The Slovenian philosopher, sociologist and psychoanalyst Slavoj Zizek, who has just published the emergency essay “Pandemic”, considers that one has to go beyond reflecting on how this crisis teaches us what is essential and “think about what form of social organization it will replace the liberal-capitalist New World Order. “
In the text, published in Spain by Anagrama, Zizek recalls that “Hegel wrote that the only thing we can learn from history is that we do not learn anything from it” and, based on this premise, he doubts that the epidemic makes us wiser : “The only thing that is clear is that the virus will break the foundations of our lives, causing not only an immense amount of suffering, but also economic damage possibly worse than the Great Recession.”
The philosopher ventures that “there will be no return to normality”, but that this new normality that the rulers preach “will have to be built on the ruins of our old lives” and will lead humanity to learn and understand that “we are only living beings among other forms of life. “
In his reflection, Zizek believes that “it will not be enough to treat the epidemic as an unfortunate accident to get rid of its consequences and return to the proper functioning of the old way of doing things, with perhaps some adjustments in our health measures.”
For the author, it is essential to ask the key question: “What is wrong with our system that we were caught without being prepared for the catastrophe, despite the fact that scientists have warned us about it for years?”
The development of the global epidemic leads Zizek to believe that “market mechanisms will not suffice to avoid chaos and hunger.”
And he adds: “The measures that today seem to most of us as ‘communists’ will have to be considered worldwide”, with “a coordination of production and distribution outside the coordinates of the market” to avoid situations such as they exacerbated the great famine of the 1840s, which ravaged Ireland because “the British state maintained its confidence in market mechanisms, exporting food from Ireland. It is to be hoped that a similar brutal solution is no longer acceptable today.”
Accustomed to mixing historical, philosophical and pop culture references, Zizek views the coronavirus pandemic as “an inverted version of HG Wells’ ‘War of the Worlds’ (1897), the story of how the Martians conquered the earth, in the one that the desperate narrator hero discovers that all the Martians have been killed by an attack of terrestrial pathogens to which they had no immunity. “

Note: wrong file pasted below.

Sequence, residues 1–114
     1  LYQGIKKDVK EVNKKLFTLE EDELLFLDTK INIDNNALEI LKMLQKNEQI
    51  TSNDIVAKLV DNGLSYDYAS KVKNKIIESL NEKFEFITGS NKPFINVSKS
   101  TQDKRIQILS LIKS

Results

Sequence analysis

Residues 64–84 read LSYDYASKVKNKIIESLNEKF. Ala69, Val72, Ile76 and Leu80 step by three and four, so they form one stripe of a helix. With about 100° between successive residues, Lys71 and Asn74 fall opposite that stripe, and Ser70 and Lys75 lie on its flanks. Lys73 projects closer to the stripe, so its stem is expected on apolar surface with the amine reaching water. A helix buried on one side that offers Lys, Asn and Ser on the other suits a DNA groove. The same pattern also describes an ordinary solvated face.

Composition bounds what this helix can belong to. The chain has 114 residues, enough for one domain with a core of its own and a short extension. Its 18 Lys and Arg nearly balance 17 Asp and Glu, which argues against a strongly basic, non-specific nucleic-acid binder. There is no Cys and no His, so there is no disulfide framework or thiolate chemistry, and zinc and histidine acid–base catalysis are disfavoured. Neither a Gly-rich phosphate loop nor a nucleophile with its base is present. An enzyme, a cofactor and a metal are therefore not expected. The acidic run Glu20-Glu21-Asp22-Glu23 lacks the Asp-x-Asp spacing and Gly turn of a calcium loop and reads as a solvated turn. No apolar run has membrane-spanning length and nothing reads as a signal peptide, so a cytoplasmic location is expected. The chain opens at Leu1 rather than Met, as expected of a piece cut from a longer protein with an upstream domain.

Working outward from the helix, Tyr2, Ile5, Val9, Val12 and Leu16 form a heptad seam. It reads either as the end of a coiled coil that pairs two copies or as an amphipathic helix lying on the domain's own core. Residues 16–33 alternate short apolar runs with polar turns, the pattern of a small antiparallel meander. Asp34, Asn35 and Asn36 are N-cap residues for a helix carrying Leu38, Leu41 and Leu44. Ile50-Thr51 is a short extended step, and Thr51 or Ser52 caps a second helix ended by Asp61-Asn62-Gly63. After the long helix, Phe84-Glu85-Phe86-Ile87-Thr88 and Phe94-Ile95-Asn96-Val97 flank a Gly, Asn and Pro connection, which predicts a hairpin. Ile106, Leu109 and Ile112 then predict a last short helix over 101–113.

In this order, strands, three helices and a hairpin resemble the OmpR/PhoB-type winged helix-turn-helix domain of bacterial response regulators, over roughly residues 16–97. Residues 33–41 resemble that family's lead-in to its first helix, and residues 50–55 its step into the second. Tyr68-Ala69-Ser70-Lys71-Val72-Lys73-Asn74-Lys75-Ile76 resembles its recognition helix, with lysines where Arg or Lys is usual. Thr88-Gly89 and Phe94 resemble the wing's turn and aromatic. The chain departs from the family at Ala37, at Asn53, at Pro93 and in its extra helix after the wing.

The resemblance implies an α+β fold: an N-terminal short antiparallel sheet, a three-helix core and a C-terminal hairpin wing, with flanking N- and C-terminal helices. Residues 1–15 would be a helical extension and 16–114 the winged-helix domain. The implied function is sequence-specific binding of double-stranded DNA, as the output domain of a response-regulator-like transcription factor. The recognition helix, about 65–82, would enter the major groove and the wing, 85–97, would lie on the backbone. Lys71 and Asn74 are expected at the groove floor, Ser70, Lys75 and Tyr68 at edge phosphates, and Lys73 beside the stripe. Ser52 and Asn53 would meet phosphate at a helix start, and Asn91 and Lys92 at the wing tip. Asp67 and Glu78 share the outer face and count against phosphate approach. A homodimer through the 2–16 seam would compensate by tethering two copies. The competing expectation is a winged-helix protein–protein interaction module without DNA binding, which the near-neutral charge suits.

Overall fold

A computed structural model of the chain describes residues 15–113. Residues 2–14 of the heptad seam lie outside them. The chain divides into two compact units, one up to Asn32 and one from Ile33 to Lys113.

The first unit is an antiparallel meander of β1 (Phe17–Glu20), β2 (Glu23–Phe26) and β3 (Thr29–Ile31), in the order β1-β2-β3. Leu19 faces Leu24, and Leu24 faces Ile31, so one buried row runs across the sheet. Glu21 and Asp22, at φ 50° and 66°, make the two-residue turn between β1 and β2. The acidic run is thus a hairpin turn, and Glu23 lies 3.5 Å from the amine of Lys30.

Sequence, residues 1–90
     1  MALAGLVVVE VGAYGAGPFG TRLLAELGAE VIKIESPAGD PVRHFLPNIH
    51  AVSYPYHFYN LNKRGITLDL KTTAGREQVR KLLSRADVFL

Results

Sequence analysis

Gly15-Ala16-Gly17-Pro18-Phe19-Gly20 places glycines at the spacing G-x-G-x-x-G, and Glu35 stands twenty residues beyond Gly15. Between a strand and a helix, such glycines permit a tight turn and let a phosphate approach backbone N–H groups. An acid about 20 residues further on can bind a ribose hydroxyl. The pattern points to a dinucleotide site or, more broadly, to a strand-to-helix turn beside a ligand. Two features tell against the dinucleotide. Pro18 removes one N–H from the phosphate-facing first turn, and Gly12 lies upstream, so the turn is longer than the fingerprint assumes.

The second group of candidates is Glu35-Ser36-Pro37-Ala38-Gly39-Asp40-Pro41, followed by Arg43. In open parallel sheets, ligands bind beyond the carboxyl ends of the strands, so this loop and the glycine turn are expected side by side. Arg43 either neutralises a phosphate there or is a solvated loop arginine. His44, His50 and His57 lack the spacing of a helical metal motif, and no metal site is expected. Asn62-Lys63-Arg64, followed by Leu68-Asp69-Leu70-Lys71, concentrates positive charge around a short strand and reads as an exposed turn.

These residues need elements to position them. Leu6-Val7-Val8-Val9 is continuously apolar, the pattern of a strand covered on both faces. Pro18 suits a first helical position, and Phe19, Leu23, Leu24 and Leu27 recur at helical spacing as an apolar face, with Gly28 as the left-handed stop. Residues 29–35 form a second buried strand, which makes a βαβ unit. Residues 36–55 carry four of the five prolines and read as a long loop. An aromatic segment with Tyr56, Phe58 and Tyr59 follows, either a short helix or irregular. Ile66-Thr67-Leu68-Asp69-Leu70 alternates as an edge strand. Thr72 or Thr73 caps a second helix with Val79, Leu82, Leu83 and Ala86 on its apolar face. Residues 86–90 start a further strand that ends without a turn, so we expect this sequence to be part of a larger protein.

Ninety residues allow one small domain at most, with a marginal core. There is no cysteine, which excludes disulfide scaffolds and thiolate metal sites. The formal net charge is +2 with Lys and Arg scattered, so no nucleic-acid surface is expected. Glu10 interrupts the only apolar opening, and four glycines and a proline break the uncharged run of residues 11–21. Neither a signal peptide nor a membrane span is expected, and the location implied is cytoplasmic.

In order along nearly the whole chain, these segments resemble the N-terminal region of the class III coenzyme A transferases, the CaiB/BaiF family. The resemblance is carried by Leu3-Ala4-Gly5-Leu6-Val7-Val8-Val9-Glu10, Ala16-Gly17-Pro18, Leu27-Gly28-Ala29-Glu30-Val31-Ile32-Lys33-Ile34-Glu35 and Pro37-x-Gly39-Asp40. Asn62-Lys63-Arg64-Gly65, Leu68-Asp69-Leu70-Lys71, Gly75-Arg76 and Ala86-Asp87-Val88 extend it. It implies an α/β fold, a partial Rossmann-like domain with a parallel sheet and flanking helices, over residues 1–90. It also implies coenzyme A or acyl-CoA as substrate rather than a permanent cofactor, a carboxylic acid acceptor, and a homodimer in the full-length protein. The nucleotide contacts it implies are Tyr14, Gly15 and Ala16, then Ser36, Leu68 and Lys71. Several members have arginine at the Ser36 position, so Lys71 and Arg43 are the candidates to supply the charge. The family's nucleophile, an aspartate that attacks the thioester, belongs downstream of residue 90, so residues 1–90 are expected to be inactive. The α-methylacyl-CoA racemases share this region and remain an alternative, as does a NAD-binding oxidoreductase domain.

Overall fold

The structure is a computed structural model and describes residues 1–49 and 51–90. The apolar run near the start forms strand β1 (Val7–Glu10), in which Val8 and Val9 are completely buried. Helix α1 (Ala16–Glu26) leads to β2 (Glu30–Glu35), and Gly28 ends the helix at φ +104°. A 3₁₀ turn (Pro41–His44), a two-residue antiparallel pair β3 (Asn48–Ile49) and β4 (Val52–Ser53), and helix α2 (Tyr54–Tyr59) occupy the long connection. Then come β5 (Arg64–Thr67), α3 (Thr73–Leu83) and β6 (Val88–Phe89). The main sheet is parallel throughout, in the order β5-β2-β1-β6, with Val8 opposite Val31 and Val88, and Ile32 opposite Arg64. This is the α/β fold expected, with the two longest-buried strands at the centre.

In his analysis of the social conditions that made the pandemic possible, Zizek notes that “the usual suspects wait in line to be questioned: globalization, the capitalist market, but we should resist the temptation to treat the epidemic as having more significance. profound “, adding that” the difficult thing is to accept that the epidemic is the result of pure contingency “.
Zizek appeals to the necessary words of Martin Luther King: “We may all have arrived in different boats, but now we are all in the same boat.”
The author expresses his fear of “barbarism with a human face”, which has been reflected in the violation of “the basic premise of our social ethics: the care of the elderly and the weak,” something that is contrary even to “the Military ethics, which tells us that after the battle, the seriously wounded must be dealt with first, even if the possibility of saving them is minimal. “
In his opinion, “the ship called Europa is much closer than the others to the shipwreck”, since it must face “three perfect storms”, two of which are not specific to Europe: the coronavirus epidemic in its direct physical impact (quarantines , suffering and death) and its economic effects, which “will be worse in Europe than anywhere else, since the continent is already stagnant, and also depends more on imports and exports.”
To these two storms, Zizek adds a third, which he calls “the Putogan virus:” Russia and Turkey are in an ideal position to put pressure on Europe, “since both control the supply of oil and the flow of refugees.
The solution, according to Zizek, “will not be the isolation or the construction of new walls and subsequent quarantines”, but rather “full unconditional solidarity and a coordinated response at the global level, a new form of what was once called communism “, while advocating giving” more executive power “to the World Health Organization (WHO).
The Slovenian philosopher points out that “although life returns to normal, it will not be the same normality as before the outbreak. The things that we were used to as part of our daily life will no longer be taken for granted, we will have to learn to live a life much more fragile, with constant threats. ”